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Coal Grove, Ironton police add to fleets

Buckeye Public Safety, Inc. may be in business to make money but the company is more concerned with helping local police departments than with its own bottom line.

The business that buys new and used police and fire equipment and resells the items locally has helped the Ironton Police Department and Coal Grove Police Department purchase eight used police cars for the bargain price of $24,000.

"The only thing they have to do is put their decal on the side and they are ready to go," said Charlie Jenkins, president and co-owner of the company. "The cars could be sold for $6,000 each. We are just doing this to help the municipalities because they can't afford new cruisers."

Two were delivered Wednesday and six more are on the way.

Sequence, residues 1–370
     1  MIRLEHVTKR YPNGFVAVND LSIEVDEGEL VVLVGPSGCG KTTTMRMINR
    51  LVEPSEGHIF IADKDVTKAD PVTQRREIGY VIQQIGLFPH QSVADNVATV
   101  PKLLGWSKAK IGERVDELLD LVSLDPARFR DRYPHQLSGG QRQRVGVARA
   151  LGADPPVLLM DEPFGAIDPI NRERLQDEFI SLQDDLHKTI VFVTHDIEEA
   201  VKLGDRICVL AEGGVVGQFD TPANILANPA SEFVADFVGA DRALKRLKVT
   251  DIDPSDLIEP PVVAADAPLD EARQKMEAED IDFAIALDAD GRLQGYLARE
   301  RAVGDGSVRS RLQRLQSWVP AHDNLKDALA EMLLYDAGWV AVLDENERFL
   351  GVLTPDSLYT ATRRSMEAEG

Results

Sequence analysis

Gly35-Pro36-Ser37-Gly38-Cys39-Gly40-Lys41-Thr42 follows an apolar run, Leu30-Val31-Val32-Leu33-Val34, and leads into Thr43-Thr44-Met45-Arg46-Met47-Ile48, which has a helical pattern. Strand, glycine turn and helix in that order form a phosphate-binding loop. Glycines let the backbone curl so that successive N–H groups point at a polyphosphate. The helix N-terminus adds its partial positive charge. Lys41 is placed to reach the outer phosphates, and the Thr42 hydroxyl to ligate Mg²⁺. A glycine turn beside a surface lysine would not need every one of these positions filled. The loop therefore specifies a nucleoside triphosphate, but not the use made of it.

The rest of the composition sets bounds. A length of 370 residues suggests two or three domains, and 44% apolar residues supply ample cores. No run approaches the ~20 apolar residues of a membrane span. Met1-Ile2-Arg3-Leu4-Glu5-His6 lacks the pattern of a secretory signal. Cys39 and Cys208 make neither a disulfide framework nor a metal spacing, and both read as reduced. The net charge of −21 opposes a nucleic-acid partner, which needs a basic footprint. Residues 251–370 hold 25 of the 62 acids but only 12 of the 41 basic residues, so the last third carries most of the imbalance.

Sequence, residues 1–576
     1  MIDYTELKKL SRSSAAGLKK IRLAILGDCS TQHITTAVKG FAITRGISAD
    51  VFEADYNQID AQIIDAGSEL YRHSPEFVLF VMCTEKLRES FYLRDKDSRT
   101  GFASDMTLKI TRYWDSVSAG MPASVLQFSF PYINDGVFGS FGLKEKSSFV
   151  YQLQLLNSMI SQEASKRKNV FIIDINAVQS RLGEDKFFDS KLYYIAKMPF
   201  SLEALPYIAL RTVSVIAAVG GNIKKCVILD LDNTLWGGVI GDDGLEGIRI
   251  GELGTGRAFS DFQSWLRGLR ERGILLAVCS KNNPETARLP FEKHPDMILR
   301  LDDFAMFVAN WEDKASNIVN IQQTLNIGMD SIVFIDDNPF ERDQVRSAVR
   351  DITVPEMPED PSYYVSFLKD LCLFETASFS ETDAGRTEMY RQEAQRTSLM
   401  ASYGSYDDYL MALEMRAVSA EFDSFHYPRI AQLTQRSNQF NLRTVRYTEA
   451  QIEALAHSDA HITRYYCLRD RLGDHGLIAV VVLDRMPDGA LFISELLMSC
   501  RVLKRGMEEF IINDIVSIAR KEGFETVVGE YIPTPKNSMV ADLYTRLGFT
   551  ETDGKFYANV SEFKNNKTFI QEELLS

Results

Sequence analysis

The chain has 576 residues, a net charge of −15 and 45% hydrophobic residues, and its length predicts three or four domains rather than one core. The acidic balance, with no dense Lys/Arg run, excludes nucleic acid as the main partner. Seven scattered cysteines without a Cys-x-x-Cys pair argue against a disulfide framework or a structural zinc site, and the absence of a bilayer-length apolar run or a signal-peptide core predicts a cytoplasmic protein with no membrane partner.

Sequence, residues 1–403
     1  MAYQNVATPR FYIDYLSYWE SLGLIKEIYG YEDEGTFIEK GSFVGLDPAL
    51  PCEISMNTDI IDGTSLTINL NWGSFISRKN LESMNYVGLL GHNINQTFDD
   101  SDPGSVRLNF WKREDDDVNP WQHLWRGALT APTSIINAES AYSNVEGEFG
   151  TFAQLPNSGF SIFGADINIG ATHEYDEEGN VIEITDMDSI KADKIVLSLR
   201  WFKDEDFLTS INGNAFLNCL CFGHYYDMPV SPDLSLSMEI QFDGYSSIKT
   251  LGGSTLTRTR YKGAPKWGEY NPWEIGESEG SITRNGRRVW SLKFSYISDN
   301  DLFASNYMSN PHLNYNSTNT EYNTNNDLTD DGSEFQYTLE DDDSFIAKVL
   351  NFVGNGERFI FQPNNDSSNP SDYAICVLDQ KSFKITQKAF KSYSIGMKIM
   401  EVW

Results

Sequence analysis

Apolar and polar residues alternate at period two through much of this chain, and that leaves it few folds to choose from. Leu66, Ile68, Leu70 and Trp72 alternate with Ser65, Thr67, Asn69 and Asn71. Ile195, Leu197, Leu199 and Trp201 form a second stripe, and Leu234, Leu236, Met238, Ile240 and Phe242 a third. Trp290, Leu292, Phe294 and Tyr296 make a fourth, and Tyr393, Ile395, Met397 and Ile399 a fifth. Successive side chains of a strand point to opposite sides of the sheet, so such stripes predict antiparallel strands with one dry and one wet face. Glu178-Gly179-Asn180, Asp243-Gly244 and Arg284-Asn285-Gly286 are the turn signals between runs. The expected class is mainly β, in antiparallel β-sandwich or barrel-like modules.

"This is something we've never done but I have wanted to do for a couple of years now, and that is assign a car to each officer. I think the city will definitely see a difference in the wear and tear of our vehicles," Ironton Police Chief Bill Garland said. "It stands to reason if you only drive a car eight hours a day, instead of 24 hours a day, it will last three times as long."

The vehicles came from the Orlando Police Department. All are at least 1998 models and have between 60,000 to 80,000 miles, a marked improvement over many of the IPD cars that have 100,000 to 200,000 miles on them.

The Ironton Eagles donated the $17,000 to pay for Ironton's six cruisers.

The difference between the vehicles from Orlando and the ones they bought from the Ohio State Highway Patrol is that these are nearly fully equipped and

only lack decals and radios.

"We had over 40 cars to choose from and these are the best ones that the Buckeye people and Grover (Carter) could find among them," Garland said.

"We hope, if things within the city do not improve, that we can maintain a good relationship with the Orlando Police and get cars from them in the future."

Coal Grove will receive two cruisers for $7,000.

"This is a great opportunity for the village," said Sgt. Jason Bloomfield. "I think it will save us money on maintenance and upkeep by giving us more cruisers, so we won't have to continually have the same cars on the road."